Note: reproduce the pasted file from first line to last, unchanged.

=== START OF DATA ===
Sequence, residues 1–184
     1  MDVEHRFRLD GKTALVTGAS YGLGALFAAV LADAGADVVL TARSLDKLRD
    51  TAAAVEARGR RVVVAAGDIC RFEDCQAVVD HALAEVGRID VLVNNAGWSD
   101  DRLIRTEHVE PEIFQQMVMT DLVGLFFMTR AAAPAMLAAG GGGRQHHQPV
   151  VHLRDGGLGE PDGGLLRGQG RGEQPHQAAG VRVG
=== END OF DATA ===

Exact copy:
Sequence, residues 1–184
     1  MDVEHRFRLD GKTALVTGAS YGLGALFAAV LADAGADVVL TARSLDKLRD
    51  TAAAVEARGR RVVVAAGDIC RFEDCQAVVD HALAEVGRID VLVNNAGWSD
   101  DRLIRTEHVE PEIFQQMVMT DLVGLFFMTR AAAPAMLAAG GGGRQHHQPV
   151  VHLRDGGLGE PDGGLLRGQG RGEQPHQAAG VRVG